Though some of Zerubbabel’s supporters saw in these circumstances the opportunity for the restoration of monarchy under Davidic rule, the majority of Judahites clearly understood that the dual leadership of priest and governor was the only form of local rule that would be tolerated by the Persians. The dual messianic sentiments concerning Zerubbabel expressed by the prophet Zechariah (“and he will bear royal majesty, and shall sit upon his throne and rule. A priest will be on his throne, and there will be peaceful counsel between the two of them” [Zechariah 6:13]) unequivocally express the eschatological hopes of the community that were acceptable to the Persians.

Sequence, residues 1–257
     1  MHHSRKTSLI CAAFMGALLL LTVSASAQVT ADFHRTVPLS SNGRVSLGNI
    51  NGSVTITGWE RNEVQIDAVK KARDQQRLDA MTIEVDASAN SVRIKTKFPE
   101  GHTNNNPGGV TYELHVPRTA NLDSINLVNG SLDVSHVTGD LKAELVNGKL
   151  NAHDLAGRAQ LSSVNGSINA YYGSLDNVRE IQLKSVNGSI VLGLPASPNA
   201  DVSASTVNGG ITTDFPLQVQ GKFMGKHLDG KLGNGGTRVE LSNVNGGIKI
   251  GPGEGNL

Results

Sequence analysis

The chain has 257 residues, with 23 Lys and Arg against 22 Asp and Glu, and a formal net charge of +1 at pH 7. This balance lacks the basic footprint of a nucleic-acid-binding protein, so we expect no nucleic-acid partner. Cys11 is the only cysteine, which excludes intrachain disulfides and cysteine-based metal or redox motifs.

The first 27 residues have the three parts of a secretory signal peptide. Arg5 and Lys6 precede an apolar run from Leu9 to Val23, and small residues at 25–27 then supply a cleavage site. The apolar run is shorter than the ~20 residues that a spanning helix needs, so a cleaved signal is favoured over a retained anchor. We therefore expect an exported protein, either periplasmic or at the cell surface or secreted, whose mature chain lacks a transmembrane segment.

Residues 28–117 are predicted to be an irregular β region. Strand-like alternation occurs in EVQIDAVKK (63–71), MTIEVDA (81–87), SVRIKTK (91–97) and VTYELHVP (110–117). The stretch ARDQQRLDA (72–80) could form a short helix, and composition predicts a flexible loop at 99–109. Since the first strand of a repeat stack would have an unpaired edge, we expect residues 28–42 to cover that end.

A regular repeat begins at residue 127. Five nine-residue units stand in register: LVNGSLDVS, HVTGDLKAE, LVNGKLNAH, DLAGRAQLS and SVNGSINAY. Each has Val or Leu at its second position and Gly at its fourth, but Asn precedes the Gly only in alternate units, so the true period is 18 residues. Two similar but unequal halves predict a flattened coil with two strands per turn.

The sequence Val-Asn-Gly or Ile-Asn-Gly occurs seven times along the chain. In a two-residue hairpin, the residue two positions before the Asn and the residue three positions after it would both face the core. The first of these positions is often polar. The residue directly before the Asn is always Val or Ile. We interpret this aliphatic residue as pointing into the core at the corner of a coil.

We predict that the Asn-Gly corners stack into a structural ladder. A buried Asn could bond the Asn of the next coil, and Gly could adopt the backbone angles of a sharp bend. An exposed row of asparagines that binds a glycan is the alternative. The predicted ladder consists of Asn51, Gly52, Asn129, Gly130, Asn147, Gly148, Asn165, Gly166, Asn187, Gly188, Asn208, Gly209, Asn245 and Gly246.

It is commonly thought that Darius removed Zerubbabel from office because of the messianic claims that were supported by those who wanted to reinstate the office of kingship. But there is no evidence of this. The argument is based primarily on the low state of Jewish affairs at the next wave of immigration and on the silence of our sources concerning Zerubbabel after the Temple construction began. It is not clear whether he was still in office in 516 BCE, when the work was completed. But Zerubbabel was not the only person in the post-Exilic history of Ezra-Nehemiah who vanished from the scene without explanation. True, Zerubbabel was no ordinary figure; he was the last active claimant to the Davidic throne of whom we have knowledge from the Hebrew Scriptures. Naturally, we speculate on what may have happened to him. But the evidence for any clear conclusion is absent.